The Supreme Court has reiterated that the acquisition of land could not lapse if the ingredients of Section 24(2) of the Right to Fair Compensation and Transparency in Land Acquisition, Rehabilitation, and Resettlement Act, 2013 (2013 Act) were not fulfilled.

The Bench of Justice Abhay S. Oka and Justice Rajesh Bindal observed that “the present appeal deserves to be allowed as the ingredients of Section 24(2) of 2013 Act as interpreted by this Court in Indore Development Authority vs. Manoharlal and Others (2020) 8 SCC 129 are not satisfied in the case in hand. There cannot be lapsing of acquisition of land.”

Advocate Sujeeta Srivastava appeared for the appellant and Advocate Ashwani Kumar appeared for the respondent.

In this case, Writ Petition was preferred by the respondent in the year 2015 under Section 24(2) of the 2013 Act and had claimed that the possession of land having not been taken and the compensation not paid, the acquisition had lapsed.

The Delhi High Court allowed the writ petition and held that the acquisition in question had lapsed as the compensation was not paid. But the issue of entitlement of compensation was kept open as the title of the land was disputed. Aggrieved by the order, the appellants approached the Apex Court.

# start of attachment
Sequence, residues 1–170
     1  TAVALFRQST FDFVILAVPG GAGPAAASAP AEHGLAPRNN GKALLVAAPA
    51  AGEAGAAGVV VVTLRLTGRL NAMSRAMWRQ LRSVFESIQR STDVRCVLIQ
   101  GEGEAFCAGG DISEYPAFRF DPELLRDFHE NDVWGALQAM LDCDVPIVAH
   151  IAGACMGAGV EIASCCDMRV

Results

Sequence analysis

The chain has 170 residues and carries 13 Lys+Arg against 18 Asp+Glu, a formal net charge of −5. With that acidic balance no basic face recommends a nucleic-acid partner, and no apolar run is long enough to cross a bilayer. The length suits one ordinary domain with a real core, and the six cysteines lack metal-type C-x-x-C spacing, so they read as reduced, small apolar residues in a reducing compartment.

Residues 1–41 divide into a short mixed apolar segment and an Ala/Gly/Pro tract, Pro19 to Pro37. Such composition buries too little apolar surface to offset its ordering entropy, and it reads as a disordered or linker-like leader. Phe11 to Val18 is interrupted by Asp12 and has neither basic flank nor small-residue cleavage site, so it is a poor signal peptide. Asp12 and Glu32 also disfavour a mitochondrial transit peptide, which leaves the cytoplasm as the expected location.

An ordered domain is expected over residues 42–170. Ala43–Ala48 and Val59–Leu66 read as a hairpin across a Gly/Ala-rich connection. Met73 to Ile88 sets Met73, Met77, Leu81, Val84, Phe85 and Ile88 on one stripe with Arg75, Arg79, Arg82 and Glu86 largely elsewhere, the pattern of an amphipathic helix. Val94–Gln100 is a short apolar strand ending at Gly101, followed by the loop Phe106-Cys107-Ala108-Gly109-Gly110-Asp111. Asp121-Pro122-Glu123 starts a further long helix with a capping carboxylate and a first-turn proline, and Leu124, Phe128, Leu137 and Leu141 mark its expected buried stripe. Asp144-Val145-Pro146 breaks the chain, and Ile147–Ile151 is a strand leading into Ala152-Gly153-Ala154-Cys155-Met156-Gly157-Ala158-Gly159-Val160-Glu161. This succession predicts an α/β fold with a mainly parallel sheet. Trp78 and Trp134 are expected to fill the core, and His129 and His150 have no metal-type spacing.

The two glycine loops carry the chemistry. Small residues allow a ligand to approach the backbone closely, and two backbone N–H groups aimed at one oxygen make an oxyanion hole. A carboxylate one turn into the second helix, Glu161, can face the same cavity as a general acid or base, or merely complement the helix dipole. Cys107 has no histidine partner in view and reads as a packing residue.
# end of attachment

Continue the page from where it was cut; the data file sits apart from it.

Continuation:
The Apex Court noted that the father-in-law of the writ petitioner was the recorded owner of the land, and he had the bhoomidari rights. The husband of the respondent had also expired before the writ petition was filed, and no surviving membership was placed on record. The only argument pressed by the respondent was that the compensation be paid as per the provisions of the 2013 Act.

Further, it was also noted that the High Court, while allowing the writ petition, had relied upon the decision of Apex Court in the case Pune Municipal Corporation & Anr. vs. Harakchand Misirimal Solanki & Ors. (2014) 3 SCC 183 to hold that the acquisition in question had lapsed. The case was overruled by the Constitution Bench judgment of this Court in the Indore Development Authority vs. Manoharlal and Others (2020) 8 SCC 129. It was also noted that there was dispute about title of the property, which was kept open and the possession of the property was with the appellant.

“Meaning thereby, even the compensation could not have been paid to the predecessor interest of the respondent/ writ petitioner. There is nothing on record to suggest as to what action was taken by the person who claimed interest in the property to seek compensation, in case land owned by him was acquired more than two decades back and no compensation paid. The litigation started only with enactment of Act of 2013.” the Apex Court said.

Accordingly, the appeal was allowed and the Delhi High Court order was set aside.

Cause Title- Delhi Development Authority v. Batti & Ors.

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